We’re interrupting our usual schedule of kids’ activities, parenting inspiration, and family-friendly food to bring you 31 days of Kids Kitchen Recipes and Activities.
Today, Deb from Living Montessori Now is sharing a cutting a banana practical life activity for toddlers, so I recruited our wonderful Beth Holley from A Montessori Lexicon to share a Montessori Practical Life Lesson on how to cut an apple with kids.
In keeping with our kid’s kitchen theme, today’s Montessori practical life lesson demonstrates cutting and serving apples as a healthy snack. As you might have gathered from reading some of our previous practical life posts, it’s not just about the snack!
Dr. Montessori talked a great deal about the “preparation of the hand.” She famously asserted that “the hand is the instrument of the mind.” This is an incredible insight, given that she arrived at it before anything like brain imaging.
Recent neuroscience confirms the incredible amount of brain power devoted to the operation of the hands. In his outstanding video lecture called Good at Doing Things, Dr. Steve Hughes reminds us that humans explore the world through extensive use of our hands, and thereby build a lot of cognitive functions.
I highly recommend taking the time to view Dr. Hughes entire lecture. It’s long! 1 hour 20 minutes. But if you don’t have the time right now, you can jump to about minute 23:00 and watch for a few minutes to see a great illustration concerning how much reciprocity there is between the brain and the hand.
All the practical life activities engage the hands in various and refined ways. Apple cutting is another of the advanced practical life lessons that up the challenge for your child–in the use of her hands, in thinking about the next step, and in sticking with a longer task.
Sharing snack with others is a great grace and courtesy lesson, as well.
Let’s look at the write-up for apple–cutting.
How to Present Cutting Apples
- Direct: To learn the steps needed and to develop the strength and dexterity to cut and serve apples.
- Indirect: Sequencing, completion of task, independence, concentration, and development of social graces in offering snack to others.
- small tray
- small cutting board
- apple slicer
- child-sized knife
- serving dish
- non-slip placemat
- child-sized apron
You can purchase a complete apple cutting set from Montessori Services.
Age: 3 1/2+
1. Bring materials to the table.
2. Invite the child to put on the apron (teacher puts on her own apron).
3. Spread out the placemat and put the cutting board in the center.
4. Put the apple cutter and knife to one side of the cutting board; put the serving dish to the other.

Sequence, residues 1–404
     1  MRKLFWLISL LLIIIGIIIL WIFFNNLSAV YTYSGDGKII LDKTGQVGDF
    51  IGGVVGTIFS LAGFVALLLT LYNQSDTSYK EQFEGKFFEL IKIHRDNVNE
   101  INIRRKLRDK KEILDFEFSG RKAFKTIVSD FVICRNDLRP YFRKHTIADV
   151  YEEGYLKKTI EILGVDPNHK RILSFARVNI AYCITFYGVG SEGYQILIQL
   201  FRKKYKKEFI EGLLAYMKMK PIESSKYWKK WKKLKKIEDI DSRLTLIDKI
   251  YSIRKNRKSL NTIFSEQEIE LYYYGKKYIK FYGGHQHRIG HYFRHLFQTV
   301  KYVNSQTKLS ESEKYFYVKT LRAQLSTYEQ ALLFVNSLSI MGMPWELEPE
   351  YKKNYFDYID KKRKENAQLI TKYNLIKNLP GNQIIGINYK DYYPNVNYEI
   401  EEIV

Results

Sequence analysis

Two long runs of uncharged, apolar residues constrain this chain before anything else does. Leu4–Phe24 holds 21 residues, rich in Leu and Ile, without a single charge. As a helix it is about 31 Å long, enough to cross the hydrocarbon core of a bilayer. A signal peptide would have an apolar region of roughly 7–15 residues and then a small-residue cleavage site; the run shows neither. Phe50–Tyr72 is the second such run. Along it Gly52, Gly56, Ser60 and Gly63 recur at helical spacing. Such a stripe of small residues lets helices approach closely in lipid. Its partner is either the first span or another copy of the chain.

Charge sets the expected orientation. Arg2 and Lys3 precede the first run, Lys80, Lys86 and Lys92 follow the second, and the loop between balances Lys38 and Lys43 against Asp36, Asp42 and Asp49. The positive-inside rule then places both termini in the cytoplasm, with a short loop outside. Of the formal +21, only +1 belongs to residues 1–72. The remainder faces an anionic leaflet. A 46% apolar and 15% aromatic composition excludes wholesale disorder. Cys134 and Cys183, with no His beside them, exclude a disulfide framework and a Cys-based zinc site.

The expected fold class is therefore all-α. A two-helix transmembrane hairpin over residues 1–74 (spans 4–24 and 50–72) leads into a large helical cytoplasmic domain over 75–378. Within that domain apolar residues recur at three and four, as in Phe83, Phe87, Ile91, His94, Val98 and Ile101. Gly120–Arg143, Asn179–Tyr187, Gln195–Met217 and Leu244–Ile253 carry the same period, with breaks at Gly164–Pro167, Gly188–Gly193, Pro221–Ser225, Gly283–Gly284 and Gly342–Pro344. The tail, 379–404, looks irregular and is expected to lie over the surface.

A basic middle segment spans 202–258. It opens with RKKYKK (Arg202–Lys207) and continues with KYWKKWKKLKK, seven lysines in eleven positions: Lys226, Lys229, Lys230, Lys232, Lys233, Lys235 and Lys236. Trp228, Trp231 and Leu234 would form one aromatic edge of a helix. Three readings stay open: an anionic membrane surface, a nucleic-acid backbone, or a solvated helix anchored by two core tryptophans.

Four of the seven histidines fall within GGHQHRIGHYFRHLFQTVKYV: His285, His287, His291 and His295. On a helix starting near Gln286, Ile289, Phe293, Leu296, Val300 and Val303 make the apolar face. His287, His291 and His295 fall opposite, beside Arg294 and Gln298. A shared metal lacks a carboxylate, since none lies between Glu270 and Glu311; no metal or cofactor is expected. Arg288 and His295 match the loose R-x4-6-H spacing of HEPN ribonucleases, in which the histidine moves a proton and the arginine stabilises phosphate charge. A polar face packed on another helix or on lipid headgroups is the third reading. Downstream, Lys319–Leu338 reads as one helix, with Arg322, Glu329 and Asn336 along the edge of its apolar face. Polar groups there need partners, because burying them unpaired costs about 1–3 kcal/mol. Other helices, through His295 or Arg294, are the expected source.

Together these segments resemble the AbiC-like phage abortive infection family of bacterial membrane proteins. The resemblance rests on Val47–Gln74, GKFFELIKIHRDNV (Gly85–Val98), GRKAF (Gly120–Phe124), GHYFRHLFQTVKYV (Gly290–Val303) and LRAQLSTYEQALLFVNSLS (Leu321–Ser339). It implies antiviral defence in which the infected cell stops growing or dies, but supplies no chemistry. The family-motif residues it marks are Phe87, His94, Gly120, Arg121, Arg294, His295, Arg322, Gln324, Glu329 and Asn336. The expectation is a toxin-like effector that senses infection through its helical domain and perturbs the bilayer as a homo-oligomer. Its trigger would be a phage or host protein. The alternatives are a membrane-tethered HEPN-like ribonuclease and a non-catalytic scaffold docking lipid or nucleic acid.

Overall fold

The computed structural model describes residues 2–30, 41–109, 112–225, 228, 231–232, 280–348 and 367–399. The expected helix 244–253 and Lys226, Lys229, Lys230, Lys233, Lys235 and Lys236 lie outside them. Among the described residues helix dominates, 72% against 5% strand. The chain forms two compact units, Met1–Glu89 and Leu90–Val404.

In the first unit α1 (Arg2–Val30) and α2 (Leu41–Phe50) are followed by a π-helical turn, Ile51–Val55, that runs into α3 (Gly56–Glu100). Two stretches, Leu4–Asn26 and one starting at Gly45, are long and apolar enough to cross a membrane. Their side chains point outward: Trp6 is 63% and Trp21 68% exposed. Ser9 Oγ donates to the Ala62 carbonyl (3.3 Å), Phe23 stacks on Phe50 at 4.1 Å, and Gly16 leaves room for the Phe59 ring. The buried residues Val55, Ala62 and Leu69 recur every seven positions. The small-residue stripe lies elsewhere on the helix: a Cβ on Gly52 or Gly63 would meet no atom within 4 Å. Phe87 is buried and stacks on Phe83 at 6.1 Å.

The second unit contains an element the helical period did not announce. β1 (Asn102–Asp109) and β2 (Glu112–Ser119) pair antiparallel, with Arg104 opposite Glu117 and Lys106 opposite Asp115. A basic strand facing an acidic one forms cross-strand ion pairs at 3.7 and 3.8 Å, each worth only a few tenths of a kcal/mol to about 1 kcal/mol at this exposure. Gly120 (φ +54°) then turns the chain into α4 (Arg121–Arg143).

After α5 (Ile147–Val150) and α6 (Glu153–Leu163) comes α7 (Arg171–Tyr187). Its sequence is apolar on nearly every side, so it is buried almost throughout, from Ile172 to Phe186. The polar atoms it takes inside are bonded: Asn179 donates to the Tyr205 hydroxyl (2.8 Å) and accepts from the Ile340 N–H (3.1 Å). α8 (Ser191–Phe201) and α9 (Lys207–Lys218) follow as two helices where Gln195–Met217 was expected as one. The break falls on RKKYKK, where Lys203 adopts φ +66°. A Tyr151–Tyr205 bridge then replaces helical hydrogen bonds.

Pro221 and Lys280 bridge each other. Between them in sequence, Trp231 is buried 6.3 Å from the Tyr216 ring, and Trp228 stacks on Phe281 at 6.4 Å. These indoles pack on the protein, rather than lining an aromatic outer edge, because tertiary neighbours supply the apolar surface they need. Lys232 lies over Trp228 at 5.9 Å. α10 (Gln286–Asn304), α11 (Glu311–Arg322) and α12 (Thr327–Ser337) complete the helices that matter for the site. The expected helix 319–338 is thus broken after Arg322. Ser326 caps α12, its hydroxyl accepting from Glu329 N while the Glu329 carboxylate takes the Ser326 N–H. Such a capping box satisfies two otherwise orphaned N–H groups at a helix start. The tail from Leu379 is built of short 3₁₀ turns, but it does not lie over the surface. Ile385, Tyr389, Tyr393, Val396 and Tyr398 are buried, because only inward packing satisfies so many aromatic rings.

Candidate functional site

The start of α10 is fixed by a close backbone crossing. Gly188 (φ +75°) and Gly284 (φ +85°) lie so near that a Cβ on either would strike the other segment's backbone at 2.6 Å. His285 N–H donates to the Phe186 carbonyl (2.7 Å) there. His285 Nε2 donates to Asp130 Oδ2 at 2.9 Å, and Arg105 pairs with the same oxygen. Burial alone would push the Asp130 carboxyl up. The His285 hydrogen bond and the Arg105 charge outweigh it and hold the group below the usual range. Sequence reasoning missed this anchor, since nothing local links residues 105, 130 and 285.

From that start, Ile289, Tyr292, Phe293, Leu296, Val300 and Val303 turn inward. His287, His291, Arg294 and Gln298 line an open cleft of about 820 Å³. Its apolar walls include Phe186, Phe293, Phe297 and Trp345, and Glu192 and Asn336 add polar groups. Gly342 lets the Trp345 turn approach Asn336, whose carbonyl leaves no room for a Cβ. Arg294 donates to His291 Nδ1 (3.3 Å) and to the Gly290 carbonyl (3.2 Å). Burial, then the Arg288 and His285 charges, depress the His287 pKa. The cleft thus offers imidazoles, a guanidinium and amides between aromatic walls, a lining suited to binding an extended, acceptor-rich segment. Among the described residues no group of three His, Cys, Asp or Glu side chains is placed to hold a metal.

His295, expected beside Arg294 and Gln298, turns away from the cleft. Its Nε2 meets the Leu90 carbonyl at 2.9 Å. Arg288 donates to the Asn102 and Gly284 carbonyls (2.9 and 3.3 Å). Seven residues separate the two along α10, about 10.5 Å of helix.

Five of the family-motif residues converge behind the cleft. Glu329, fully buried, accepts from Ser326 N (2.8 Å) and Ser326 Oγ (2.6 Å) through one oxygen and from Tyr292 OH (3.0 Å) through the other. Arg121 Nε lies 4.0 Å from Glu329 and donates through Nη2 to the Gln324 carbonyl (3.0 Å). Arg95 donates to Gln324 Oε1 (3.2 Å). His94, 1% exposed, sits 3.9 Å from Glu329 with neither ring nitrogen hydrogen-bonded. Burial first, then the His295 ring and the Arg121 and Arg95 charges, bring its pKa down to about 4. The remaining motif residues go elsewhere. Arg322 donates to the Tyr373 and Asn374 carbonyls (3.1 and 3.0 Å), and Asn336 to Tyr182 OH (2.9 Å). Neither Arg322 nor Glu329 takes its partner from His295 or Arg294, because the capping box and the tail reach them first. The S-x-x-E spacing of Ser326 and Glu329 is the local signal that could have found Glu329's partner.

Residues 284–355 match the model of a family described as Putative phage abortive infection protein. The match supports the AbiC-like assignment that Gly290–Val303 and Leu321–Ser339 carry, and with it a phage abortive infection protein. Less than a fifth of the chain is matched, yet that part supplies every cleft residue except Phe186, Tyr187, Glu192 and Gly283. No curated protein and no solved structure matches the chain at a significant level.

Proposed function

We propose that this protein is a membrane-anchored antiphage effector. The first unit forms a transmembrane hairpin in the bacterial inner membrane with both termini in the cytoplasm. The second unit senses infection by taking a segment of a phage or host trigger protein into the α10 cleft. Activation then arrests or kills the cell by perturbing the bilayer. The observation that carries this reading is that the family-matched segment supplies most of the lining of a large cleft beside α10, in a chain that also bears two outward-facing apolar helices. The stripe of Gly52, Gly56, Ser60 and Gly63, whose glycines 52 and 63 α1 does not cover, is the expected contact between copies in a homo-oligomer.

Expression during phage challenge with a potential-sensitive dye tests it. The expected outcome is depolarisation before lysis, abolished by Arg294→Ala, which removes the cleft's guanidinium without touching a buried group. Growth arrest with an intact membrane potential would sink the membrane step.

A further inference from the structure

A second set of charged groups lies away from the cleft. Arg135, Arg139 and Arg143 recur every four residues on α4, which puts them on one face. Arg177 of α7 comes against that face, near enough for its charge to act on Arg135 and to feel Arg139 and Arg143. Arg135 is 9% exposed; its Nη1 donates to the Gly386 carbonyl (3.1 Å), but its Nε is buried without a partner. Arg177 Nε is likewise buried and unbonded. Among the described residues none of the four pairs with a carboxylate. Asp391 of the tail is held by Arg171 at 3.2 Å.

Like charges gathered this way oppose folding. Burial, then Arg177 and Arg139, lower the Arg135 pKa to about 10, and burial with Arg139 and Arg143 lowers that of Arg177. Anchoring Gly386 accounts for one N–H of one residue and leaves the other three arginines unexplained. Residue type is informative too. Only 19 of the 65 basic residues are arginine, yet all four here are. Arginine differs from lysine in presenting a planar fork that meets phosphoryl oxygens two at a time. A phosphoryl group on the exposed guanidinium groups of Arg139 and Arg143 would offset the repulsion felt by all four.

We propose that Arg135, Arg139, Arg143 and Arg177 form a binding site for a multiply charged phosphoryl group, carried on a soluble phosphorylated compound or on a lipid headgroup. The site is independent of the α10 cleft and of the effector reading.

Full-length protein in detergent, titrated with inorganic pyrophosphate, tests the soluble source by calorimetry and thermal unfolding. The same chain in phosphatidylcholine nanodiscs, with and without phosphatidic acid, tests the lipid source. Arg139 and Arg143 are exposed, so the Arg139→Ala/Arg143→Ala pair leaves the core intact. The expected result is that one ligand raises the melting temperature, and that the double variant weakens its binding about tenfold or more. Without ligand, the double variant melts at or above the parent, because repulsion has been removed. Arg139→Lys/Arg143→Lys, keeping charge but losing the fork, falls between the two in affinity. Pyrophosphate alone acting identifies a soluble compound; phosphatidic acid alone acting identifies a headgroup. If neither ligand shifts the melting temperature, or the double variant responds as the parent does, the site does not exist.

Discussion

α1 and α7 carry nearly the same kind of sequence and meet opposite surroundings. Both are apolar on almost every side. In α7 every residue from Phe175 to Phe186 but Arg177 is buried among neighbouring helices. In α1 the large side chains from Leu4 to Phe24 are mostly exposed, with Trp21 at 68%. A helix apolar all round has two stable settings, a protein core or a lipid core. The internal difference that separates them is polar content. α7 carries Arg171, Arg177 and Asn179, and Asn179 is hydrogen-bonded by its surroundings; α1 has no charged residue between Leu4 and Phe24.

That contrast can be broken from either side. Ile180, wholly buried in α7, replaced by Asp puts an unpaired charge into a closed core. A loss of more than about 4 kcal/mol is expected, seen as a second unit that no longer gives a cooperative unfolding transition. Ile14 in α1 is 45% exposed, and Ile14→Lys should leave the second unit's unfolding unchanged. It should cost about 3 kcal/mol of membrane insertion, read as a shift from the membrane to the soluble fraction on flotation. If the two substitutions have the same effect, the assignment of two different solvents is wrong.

5. Set the tray aside.
6. Retrieve an apple and place it in the center of the cutting board.
7. Demonstrate centering the apple slicer with the stem in the middle. You may make a brief comment, such as “I see the stem in the circle.”
8. Grasp the apple slicer firmly by both handles, and show pressing directly downward from above while standing up.
9. Put the apple cutter with the sliced apple still in it to the side of the cutting board.
10. Now pull out one slice and place it on the board. Grasp the knife with one hand and steady the apple slice with your thumb and forefinger of the other (pincer grasp).
11. Cut the slice into bite-sized pieces. Place the pieces on the serving dish. Do the same for the remaining slices. Dispose of the core.
12. When all slices are chopped and placed on the serving dish, demonstrate offering apple pieces to others in the room, saying “Would you care for some apple?”
13. Invite the child to slice and serve her own apple.
14. Demonstrate washing and putting away all materials.
Points of Interest:
- Does the child center the apple cutter?
- Does she firmly grasp the apple slicer by the handles?
- Does she exercise enough downward pressure to cut through the apple?
- Does she keep her fingers safely wrapped around the handles and away from the blades?
- Does she keep her fingers safely away from the knife blade when chopping the slices smaller?
Note: The cutting board should go directly on top of a non-slip placemat. Some tray surfaces are slick, and using the cutting board on top of the tray may result in the board and apple cutter slipping away from the child.
To learn more about Montessori theory, please visit Beth’s blog A Montessori Lexicon, and you can also find her on Teachers Pay Teachers.
Check out the rest of our 31 Days of Kids Kitchen Series here.
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